Some people who experience bradykinetic angioedema have genetic mutations that make them susceptible to triggers. This is called hereditary angioedema and is an autosomal dominant disorder, which means you only need to inherit the responsible gene from one parent.

There are three types of HAE.Two are caused by genetic mutations SERPIN1 Gene.The cause of the third type of HAE is unknown, but a small percentage of these patients are thought to be caused by F12 Gene.

Genetics may also be a factor in vibratory angioedema. Autosomal dominant vibratory urticaria is associated with mutations in the ADGRE2 gene that make mast cells more likely to release histamine.

HAEs are rare, occurring in 1 in 50,000 people, and are usually only suspected in people with angioedema who do not respond to antihistamines or have a family history of angioedema.


Angioedema is swelling of the tissue under the skin. This happens when histamine (an immune system chemical) or a peptide called bradykinin is mistakenly released into the bloodstream, causing fluid to leak from the blood vessels.

This happens for a variety of reasons, from exposure to allergens that trigger histamine to certain medications or medical conditions or procedures that trigger bradykinin. The tendency to develop angioedema can also be inherited.

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If you or someone else experiences sudden swelling or any symptoms of angioedema, you should seek medical attention. Angioedema affecting the gastrointestinal tract can cause severe vomiting, severe pain, and dehydration.

When swelling affects the face, mouth, tongue, throat, or throat, it restricts air flow to the lungs and is a medical emergency.

Frequently Asked Questions

  • What causes angioedema?

    Angioedema is triggered by increases in histamine and/or bradykinin, which stimulate a cascade of inflammatory responses that lead to dilation of blood vessels and infiltration of fluid into underlying tissues. When this occurs in the deeper subcutaneous and submucosal tissues, it results in angioedema.

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  • What is Hereditary Angioedema?

    Hereditary angioedema is a genetic disorder that is often characterized by an insufficient amount or function of C1 inhibitors, the substances the body uses to regulate a peptide called bradykinin. In rare cases, hereditary angioedema may be associated with normal amounts and function of C1 inhibitors. Like histamine, bradykinin induces vasodilation. Without a C1 inhibitor to moderate the response, the accumulation of bradykinin can trigger excessive tissue swelling.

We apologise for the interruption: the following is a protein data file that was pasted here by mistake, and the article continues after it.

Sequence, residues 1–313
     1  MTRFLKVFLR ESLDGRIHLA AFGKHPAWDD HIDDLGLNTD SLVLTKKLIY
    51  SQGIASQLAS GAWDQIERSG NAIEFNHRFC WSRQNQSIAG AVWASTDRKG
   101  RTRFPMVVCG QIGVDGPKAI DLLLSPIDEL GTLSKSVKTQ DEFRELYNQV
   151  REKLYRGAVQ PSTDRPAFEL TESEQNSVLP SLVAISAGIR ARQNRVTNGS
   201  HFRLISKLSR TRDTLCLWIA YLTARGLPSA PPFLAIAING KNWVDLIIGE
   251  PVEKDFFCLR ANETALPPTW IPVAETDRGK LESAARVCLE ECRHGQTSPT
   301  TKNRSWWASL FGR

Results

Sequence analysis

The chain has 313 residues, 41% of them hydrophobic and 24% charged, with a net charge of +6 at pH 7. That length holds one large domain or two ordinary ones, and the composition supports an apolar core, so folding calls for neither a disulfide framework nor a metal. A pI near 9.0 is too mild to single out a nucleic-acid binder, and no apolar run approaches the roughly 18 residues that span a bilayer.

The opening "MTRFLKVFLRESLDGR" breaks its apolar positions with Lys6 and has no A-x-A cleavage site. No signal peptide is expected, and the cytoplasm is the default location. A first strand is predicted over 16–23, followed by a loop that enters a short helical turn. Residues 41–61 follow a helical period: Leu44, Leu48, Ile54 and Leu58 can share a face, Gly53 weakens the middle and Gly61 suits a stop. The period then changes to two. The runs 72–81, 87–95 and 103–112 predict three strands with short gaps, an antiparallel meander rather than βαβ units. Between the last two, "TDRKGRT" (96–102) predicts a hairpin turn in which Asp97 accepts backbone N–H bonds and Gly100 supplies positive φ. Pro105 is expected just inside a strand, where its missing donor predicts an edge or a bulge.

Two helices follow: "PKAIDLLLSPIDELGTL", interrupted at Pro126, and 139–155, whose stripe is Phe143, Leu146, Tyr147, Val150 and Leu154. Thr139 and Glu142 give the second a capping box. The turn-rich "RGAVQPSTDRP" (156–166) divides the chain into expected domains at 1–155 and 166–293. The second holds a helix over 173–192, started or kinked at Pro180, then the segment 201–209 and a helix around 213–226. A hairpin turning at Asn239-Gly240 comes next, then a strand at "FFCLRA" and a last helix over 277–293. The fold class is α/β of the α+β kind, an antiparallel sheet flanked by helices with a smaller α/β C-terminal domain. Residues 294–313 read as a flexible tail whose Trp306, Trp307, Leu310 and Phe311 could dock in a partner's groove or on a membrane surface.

• Is Angioedema Autoimmune?

    Chronic and recurrent angioedema is often associated with autoimmune diseases such as lupus and Hashimoto’s thyroiditis. Some studies suggest that as many as 30% to 50% of idiopathic angioedema (ie, angioedema of unknown origin) may be associated with some form of autoimmune disease. In this condition, itchy hives (hives) are often accompanied by deeper tissue swelling.

  • How does stress cause angioedema?

    Stress angioedema occurs when steady pressure applied to an area of ​​skin causes immediate or delayed swelling of deep tissue. It is thought to be autoimmune in nature, such as wearing tight clothing or sitting for long periods of time, during which sustained stress can cause mast cells in vascular tissue to rupture and release histamine. Extreme vibration can do the same.

  • Which drugs are most likely to cause angioedema?

    Angioedema may occur with exposure to certain drugs:

    ACE inhibitors, such as Vasotec (enalapril) and Prinivil (lisinopril), can cause the accumulation of bradykinin by preventing the breakdown of bradykinin

How to Diagnose Angioedema

Whatever the cause, gastrointestinal angioedema can lead to severe vomiting, severe pain, and dehydration. When swelling affects the face, mouth, tongue, throat, or throat, it restricts air flow to the lungs and is a medical emergency.